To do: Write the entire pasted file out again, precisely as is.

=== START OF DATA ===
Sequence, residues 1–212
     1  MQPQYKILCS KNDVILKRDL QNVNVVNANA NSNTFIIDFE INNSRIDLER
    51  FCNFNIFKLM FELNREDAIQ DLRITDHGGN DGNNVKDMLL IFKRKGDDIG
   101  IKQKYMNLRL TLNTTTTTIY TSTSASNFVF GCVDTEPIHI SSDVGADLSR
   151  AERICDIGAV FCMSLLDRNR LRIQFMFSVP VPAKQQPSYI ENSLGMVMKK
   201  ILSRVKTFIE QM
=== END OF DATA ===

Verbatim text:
Sequence, residues 1–212
     1  MQPQYKILCS KNDVILKRDL QNVNVVNANA NSNTFIIDFE INNSRIDLER
    51  FCNFNIFKLM FELNREDAIQ DLRITDHGGN DGNNVKDMLL IFKRKGDDIG
   101  IKQKYMNLRL TLNTTTTTIY TSTSASNFVF GCVDTEPIHI SSDVGADLSR
   151  AERICDIGAV FCMSLLDRNR LRIQFMFSVP VPAKQQPSYI ENSLGMVMKK
   201  ILSRVKTFIE QM